Episode 21: Celebrating Latinx Heritage Month!Sep 28, 2022
I am so excited to share how I've been engaging my students in rich conversations this Latinx Heritage Month!
These are the various accounts and individuals I mentioned during this episode:
Françoise Thenoux - @thewokespanishteacher - Her course Brave Spaces is wonderful
@tlacaeleloficial on Instagram It was there I found this video made by Cycling Atlas on YouTube
Here is my blog on Selfie Brain Breaks! I can't wait to see your selfies!
Thank you for listening! 💜 Connect with me below!
Welcome to Teaching la vida loca, a podcast for World Language Teachers seeking inspiration, unapologetic authenticity and guidance in centering joy and facilitating language acquisition for the people who matter most our students, I'm your host, Annabelle. Most people call me la maestra loca. And I'm an educator just like you, and inspiring teachers is what I do. Hello, and welcome to episode 21 of teaching la vida loca.
Latina Heritage Month
Today, I'll be sharing some of the strategies I've been using to engage my students in chats and enriching cultural discussions for Latina Heritage Month. Before I begin, I want to share a quote that one of my students told me today, one of my little third graders, rose her hand, I entered the class went over the agenda and said, we'll be doing another story about some really incredible people in the Latina community. And I'm so excited to share them with you today. She rose her hand and she said, Maestra, isn't it great that in Spanish class, you don't only get to celebrate the Latina community during Latino heritage month, but you do it all year round? And I said, yes, it is so great. And I love that she acknowledged that and recognize that. And I think that's an important thing for us to remember that we should be highlighting and celebrating the indigenous and Latina communities all year round, not just during that the new Heritage Month, but I thought it was powerful from the mouth of a third grader.
Highlight Your Community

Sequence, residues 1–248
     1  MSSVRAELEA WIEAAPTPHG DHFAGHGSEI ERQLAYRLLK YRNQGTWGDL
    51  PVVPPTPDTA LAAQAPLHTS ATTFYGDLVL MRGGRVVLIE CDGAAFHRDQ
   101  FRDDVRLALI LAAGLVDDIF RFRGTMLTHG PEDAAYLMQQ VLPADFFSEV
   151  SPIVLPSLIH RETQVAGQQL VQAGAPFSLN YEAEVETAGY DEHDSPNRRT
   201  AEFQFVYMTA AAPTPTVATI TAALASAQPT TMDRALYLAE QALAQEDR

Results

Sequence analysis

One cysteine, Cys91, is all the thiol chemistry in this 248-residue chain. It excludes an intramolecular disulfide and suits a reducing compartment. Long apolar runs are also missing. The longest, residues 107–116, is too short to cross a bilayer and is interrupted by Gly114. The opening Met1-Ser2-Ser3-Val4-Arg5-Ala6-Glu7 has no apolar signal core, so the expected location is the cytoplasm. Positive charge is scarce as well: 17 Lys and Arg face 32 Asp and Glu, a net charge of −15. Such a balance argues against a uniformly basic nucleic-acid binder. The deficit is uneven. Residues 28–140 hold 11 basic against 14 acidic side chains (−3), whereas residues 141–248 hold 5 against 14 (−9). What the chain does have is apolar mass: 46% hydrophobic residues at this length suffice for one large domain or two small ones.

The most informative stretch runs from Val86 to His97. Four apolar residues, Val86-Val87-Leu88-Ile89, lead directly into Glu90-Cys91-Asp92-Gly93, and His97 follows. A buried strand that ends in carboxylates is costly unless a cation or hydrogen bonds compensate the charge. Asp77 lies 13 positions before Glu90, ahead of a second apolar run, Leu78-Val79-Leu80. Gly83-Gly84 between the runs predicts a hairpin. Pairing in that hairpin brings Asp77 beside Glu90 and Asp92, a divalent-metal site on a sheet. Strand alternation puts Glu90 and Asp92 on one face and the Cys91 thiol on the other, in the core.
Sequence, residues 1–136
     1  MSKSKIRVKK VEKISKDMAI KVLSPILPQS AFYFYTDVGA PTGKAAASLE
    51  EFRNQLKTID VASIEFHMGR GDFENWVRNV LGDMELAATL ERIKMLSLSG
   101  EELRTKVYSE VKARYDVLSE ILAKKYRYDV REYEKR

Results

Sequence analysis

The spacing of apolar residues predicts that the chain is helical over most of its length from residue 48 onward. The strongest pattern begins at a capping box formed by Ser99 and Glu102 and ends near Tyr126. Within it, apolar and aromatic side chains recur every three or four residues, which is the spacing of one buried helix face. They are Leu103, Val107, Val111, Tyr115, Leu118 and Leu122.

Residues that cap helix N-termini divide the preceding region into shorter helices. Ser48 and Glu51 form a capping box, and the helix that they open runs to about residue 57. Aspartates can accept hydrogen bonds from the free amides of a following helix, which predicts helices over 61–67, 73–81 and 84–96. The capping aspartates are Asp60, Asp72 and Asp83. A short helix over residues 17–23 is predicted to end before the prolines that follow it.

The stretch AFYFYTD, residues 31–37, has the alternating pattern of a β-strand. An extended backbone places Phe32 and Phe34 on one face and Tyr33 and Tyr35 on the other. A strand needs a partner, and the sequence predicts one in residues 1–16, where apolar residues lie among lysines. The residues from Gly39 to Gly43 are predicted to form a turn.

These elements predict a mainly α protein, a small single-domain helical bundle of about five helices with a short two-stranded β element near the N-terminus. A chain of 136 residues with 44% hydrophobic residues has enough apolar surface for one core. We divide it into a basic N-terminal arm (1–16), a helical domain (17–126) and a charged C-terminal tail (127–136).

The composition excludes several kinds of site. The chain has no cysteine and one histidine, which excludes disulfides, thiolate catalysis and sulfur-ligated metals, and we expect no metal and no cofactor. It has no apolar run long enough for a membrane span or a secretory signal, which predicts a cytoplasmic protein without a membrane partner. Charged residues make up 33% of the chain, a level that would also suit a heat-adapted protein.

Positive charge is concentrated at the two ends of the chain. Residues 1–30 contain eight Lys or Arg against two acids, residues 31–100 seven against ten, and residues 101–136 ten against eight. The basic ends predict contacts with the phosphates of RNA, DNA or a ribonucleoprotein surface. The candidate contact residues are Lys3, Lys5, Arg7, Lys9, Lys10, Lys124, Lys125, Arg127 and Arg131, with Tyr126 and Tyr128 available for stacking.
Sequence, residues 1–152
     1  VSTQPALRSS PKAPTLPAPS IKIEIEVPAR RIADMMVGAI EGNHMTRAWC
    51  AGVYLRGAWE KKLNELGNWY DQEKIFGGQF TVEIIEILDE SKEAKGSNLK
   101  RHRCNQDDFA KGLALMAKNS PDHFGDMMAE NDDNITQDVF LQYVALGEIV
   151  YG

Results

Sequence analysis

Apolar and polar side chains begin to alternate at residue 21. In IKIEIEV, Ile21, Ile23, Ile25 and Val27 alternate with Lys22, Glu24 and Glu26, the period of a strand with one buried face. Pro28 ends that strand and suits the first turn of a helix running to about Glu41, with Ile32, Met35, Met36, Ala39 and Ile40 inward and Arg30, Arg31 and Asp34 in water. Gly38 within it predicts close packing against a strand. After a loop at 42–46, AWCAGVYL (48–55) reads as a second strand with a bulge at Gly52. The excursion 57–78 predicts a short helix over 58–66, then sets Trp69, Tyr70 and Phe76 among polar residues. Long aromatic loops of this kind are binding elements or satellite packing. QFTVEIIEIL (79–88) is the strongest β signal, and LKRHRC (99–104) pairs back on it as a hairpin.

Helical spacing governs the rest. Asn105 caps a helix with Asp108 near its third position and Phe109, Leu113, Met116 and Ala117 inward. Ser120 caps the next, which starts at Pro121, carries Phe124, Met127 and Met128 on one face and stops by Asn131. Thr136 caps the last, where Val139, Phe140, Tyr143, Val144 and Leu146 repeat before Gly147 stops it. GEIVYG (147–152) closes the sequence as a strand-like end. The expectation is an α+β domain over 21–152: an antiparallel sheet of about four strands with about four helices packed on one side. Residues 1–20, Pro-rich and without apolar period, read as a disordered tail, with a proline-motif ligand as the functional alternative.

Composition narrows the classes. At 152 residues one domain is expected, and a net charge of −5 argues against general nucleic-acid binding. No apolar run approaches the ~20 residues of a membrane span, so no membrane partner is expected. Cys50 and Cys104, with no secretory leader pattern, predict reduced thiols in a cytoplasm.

So, this year, and every year I try and highlight individuals in the community that might be lesser known, right. So, as well as highlighting Latina population in our own city because we have such a rich and diverse community within New Orleans itself. And I'm sure many of you do wherever you live. But with outside of that I try and highlight people that kids aren't hearing about in their classes. I'm not saying people like Frida, I mean, I'm wearing Frida dress tomorrow. I love her. I'm not saying that learning about Frida and Ellen Ochoa is not super important. But I love highlighting people who are community heroes and the little guy, if you will, that kids won't hear about in their other classes during this month, I find it far more impactful and really inspiring and motivating for them. The number one resource I use when it comes to finding content for my students is Instagram, Instagram and Tiktok. Normally Instagram because I find that people who post stuff on Tik Tok will just send it to me through Instagram anyways. And I have a hard time navigating tick tock, which I know makes me sound really old. But nevertheless, Instagram is my go-to. I love that I'm able to save videos. And when I save those videos, more often than not, I'll then go and see if I can find that content on YouTube, searching the title, searching the name of the person who shared it, just so that I could find something that's easier to share in class. I do share the short clip in class, but I always do it leading up with a story that I write in the target language for my students. I think all too often when we want to dig deep into really rich cultural topics, our go to is just to do it in L one, just to do it in English, because we want to be able to really dig deep with them. And it's too complicated with novice students to figure out how to do it in the target language. I totally disagree. I have a two-day course that I lead on teaching culture and current events in the target language. Because I think it's so essential that we start teaching culture from the very novice of levels in the target language, doing it in our target language. So what I do is I take a really compelling piece of content.